I am a writer: writing about writing

20 Oct

I would like to dedicate today’s entry to Kristen Legg, who gave me the chance to write a review for SeattleDances, of the second week of Men in Dance.  I’m so grateful that she sees something worthwhile in my writing and want to thank her for the opportunity to write for a broader audience.  If you haven’t read the review, here be a link for your perusal: Men in Dance, Week 2

In case you haven’t noticed, I put on my best for this one and upped the professional one of the piece.  I won’t rewrite the review with my perspective here because I think the review speaks for itself and I don’t want to damage its integrity—it’s entirely legitimate and something I’m very proud of.  I do enjoy “funny me” very much and would of course love to be that way all the time…but life isn’t about me, and that review was most certainly not.  What I realized is that a review must be about the performers so I set out to describe what I saw, insert a few neutral ideas and paint an image of the works with the assumption that each piece would appeal to somebody out there.  This task was about truly writing about dance…not indulging my funny bone.  THAT, friends, is what this blog is for!  And like proper addicts, you all just keep coming back…

So I would like to write about my first experience as a true dance writer (and not some nuttercracker with a WordPress account).  My first order of business was to follow the criteria given to me by my editor (note: I like saying “my editor” because it makes me sound more writer-ish).  She asked me to write a review—not a critique, and this was something I decided to differentiate for myself.  To some, they may be one and the same but I made a distinction because I feel that a good review tells it like it is and a critique is where one can get cranky (or positive, but generally cranky).  I still love reading critiques because constructive criticism is healthy and is useful feedback in future performances, but I wanted to look at these dances as finished products.   It’s like buying something and finding an inherent fault with it…registering a complaint isn’t going to change what it is at that moment so focusing on the present was more sensible to me.  Of course I did have my share of criticisms!  One piece (I’m not going to say which one) had a really…well, awful, schmaltzy score that I was not a fan of.  At least it had some amazing choreography but then out of nowhere came a series of Italian fouettes (if you don’t know what they look like, fret not, here’s a link), which made absolutely no sense to me.  One of my pet peeves is when a bravura step sticks out like a sore thumb and breaks the spell of a dance…they have to be used in contemporary choreography very carefully.  One fouette and I won’t notice but eight in a row? Overkill.  However, this is strictly my opinion and there must have been others and obviously the choreographer who felt that it was entirely appropriate and are the most important; my opinion as an audience member (or even a reviewer) still matters, but in a different way.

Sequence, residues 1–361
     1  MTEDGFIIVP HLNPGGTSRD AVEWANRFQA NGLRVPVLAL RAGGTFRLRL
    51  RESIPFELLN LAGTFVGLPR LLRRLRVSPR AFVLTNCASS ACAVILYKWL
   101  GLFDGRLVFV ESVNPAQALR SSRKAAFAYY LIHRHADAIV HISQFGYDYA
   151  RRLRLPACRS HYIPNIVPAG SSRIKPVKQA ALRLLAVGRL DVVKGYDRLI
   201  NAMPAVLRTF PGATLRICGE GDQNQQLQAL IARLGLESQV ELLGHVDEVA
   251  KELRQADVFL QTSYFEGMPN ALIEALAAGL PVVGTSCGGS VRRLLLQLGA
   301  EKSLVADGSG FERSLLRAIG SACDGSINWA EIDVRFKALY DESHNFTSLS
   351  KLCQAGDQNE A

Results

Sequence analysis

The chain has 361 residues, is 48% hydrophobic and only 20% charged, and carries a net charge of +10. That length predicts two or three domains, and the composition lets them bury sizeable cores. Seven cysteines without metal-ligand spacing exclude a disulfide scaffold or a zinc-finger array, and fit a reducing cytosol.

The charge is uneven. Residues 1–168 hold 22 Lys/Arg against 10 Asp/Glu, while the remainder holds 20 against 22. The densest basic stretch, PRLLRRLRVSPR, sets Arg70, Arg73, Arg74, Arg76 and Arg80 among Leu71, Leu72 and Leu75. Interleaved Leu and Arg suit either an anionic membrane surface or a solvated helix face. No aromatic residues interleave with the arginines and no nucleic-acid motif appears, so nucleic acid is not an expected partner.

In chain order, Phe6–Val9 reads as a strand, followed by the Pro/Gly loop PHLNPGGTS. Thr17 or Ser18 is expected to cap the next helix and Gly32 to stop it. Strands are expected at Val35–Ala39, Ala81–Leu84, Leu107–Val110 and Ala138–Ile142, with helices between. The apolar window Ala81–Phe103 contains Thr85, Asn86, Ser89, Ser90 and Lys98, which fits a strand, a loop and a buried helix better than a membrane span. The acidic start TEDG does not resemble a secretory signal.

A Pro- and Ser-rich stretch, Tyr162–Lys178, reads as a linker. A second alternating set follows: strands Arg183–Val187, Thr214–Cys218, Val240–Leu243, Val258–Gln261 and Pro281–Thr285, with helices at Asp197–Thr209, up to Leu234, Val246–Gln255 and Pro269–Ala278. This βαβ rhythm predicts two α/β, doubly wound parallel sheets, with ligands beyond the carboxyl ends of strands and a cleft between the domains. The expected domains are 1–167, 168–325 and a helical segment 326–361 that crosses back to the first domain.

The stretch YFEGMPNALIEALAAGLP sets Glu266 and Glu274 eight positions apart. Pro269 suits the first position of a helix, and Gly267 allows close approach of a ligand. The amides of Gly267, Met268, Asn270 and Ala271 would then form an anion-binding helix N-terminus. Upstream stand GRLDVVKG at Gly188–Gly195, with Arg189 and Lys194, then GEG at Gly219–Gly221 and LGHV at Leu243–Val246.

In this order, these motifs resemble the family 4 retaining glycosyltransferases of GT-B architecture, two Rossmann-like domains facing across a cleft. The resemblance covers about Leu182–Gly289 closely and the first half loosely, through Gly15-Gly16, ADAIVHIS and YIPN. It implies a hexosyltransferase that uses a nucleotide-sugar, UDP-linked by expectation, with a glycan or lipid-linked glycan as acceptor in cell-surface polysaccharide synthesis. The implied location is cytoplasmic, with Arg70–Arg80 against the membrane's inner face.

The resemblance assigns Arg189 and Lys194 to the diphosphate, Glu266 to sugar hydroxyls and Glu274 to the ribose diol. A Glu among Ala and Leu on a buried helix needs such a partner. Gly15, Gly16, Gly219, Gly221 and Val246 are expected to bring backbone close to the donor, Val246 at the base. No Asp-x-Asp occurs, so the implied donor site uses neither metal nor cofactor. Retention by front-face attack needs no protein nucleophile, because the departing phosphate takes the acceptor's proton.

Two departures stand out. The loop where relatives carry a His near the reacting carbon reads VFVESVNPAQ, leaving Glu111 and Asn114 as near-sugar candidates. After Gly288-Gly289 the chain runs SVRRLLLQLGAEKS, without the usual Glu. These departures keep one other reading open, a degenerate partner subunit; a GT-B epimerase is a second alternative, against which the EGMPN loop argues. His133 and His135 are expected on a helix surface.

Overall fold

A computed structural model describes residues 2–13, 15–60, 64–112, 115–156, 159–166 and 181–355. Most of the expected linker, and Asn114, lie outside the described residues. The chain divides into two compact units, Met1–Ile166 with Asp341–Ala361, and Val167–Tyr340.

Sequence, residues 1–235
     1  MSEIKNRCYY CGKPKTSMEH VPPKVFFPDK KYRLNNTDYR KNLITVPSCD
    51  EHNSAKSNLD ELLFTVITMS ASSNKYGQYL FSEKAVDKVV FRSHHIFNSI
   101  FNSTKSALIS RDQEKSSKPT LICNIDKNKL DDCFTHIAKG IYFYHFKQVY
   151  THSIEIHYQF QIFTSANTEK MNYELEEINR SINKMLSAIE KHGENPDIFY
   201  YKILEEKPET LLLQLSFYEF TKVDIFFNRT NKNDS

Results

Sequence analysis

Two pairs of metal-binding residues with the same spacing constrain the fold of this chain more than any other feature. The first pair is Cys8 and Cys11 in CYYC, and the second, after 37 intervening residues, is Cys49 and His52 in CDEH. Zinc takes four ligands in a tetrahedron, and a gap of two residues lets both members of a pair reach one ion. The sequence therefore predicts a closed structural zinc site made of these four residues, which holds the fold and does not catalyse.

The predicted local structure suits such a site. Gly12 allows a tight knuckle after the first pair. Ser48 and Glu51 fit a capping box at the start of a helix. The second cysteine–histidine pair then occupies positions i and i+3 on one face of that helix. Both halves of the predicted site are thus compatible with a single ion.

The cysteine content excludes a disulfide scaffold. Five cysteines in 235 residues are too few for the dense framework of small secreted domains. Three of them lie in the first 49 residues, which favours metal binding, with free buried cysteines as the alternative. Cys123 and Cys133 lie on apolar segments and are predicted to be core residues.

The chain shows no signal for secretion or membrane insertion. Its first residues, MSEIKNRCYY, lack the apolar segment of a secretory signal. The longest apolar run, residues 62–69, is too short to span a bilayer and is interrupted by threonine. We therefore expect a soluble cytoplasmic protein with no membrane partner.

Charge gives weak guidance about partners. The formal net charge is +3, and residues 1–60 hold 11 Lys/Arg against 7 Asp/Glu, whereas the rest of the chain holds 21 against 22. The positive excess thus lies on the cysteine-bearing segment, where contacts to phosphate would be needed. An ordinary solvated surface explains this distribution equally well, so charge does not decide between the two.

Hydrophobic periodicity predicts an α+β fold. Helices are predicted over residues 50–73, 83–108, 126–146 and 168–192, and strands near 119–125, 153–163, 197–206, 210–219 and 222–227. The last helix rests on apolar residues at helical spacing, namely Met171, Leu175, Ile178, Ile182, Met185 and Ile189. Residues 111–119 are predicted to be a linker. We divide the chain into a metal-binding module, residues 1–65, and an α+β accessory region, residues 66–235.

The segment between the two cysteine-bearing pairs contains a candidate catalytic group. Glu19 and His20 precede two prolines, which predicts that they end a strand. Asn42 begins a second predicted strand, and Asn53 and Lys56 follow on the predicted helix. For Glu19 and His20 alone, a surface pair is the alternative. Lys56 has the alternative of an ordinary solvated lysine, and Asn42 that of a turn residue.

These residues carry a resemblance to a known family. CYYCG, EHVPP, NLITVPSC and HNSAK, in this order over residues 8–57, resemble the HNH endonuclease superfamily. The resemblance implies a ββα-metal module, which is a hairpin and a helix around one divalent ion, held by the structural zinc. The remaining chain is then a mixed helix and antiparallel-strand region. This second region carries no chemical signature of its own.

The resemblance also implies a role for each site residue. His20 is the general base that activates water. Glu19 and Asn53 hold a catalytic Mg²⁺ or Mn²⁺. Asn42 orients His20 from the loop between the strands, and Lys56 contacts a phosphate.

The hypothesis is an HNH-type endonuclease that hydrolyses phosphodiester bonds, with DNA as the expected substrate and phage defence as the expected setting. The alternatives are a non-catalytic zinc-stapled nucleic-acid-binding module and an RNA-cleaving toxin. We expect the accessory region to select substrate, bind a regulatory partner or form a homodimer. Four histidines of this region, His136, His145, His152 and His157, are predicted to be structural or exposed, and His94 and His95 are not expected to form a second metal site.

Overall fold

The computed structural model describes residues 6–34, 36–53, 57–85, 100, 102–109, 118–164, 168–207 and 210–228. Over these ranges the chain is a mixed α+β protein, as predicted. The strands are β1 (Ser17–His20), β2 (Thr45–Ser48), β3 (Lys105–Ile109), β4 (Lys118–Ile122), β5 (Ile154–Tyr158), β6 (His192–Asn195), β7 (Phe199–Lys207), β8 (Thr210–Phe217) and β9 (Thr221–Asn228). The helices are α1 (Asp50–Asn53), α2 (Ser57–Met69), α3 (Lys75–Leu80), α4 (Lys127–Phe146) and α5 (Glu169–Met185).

After figuring out my approach, the next step was to actually get to the show and I have to admit that getting a complementary ticket was pretty cool.  Nothing inflates the ego like going up to a box office and telling the people there that you represent something and a ticket should be there for you.  That, and having press photos e-mailed to me to post in the review was awesome too.  I had access to things most people didn’t (only one photo made it into the entry, but I got to see the rest!) and as mundane as such a thing may sound to some, I was kind of on a high.  I had a general feeling of excitement throughout the whole process and you know you’ve found something you’re meant to do when you look forward to what should be deemed “work.”

There was a certain allure too, in slipping in casually and knowing that I would write something that could reach and inform people.  The only feature that set me apart from other audience members was the fact that I pulled out a legal pad to write on, something I hadn’t done since my days at Ohio State.  I have an excellent visual memory (though it’s not something I can control) and can come up with some good descriptions as I watch a piece, but as fast as my brain works it can just as quickly forget.  My teachers at Ohio State always encouraged us to write without looking at the paper so we didn’t miss anything but writing quick notes to myself in between each piece was working well for me.  Well enough, such that writing the review was a breeze afterwards because I had all of my key phrases set to go.  The only omission was a review on one of the new pieces that evening, which I feel bad about…you see, Men in Dance had two different sets of dances the first and second week.  A review had already been written of the first week so I went with highlights of the second, including only the new works that were performed.  I ended up highlighting all but one “ugly duckling,” and there was nothing wrong with the piece, but I just couldn’t come up with anything…right.  Wouldn’t be the first time I ran headfirst into a writer’s block.

For so long, even though I’ve been writing this blog I always hesitated to call myself a writer.  I always added those adjectives describing a potential like “aspiring,” “hopeful” or “in progress,” but now that I’ve done this I think I can bring myself to say it (a la Yoda): a writer I am.  An editor I have, and in the door my foot I’ve got.  So many thanks again to Kristen…there is no greater gift than to help someone understand on a deeper level who they are.

 

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